Companies are using potentially biased AI to screen job applicants.
Machines may not have emotions, but that doesn't mean they can't recognize them.
At least, that's one well-funded belief in the tech industry.
From startups to big-name players such as Amazon and Microsoft, a number of tech companies are now offering "emotion analysis" products, which are systems designed to analyze a person's face in order to determine how they're feeling — though there's evidence to suggest these systems could do more harm than good when they're applied to hiring for jobs or making acceptance decision in education.
According to a new Guardian story, emotion detection systems are a combination of two technologies.
The first is computer vision — this is what "sees" an image or video of a person's face and detects their features and expressions. The second is an artificial intelligence capable of analyzing that information to determine what the person is feeling. For example, it might label someone with lowered brows and bulging eyes as "angry," and someone with a wide grin as "happy."
These systems are already in use for a myriad of applications — IBM, Unilever, and several other companies have systems they use to screen job candidates, while Disney is using an emotion detection system to determine how audience members feel about movies during screenings.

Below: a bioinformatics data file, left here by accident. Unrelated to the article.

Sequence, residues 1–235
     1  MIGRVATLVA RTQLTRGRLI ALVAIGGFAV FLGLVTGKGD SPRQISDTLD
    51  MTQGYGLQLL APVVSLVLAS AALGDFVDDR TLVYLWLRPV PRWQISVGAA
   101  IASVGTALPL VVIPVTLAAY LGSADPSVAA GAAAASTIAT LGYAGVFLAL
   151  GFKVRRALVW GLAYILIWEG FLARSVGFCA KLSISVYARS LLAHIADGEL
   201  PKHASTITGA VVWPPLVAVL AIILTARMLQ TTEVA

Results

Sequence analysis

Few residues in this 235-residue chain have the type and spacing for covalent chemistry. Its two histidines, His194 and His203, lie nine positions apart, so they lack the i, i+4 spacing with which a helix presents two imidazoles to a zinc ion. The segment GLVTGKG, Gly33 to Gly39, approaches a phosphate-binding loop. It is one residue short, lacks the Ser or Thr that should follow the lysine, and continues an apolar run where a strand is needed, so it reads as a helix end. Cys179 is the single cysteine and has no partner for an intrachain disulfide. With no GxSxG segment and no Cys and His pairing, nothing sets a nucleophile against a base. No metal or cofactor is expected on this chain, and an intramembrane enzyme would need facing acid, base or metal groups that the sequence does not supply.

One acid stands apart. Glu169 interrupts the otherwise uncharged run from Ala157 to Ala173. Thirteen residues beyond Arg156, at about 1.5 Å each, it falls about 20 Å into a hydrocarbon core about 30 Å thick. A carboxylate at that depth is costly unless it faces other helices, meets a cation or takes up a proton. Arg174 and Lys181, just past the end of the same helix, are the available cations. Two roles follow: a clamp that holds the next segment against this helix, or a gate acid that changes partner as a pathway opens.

"You’re also seeing experimental techniques being proposed in school environments to see whether a student is engaged or bored or angry in class," Meredith Whittaker, co-director of the research institute AI Now, told The Guardian.
It's not hard to see the benefits of this type of tech for Disney, IBM, and other companies — at least, if the systems were extremely accurate. But that doesn't appear to be the case.
In December, researchers from Wake Forest University published a study in which they tested several emotion detection systems, including Microsoft's, and found that the systems assigned negative emotions to photos of black people more often than photos of white people, even when they were smiling to the same degree — mimicking the racial biases exhibited by other types of AI.
As Whittaker notes, these faulty systems could be doing more harm than good, at least for the people they're analyzing.
"This information could be used in ways that stop people from getting jobs or shape how they are treated and assessed at school," she told The Guardian, "and if the analysis isn’t extremely accurate, that’s a concrete material harm."
READ MORE: Don’t look now: why you should be worried about machines reading your emotions [The Guardian]
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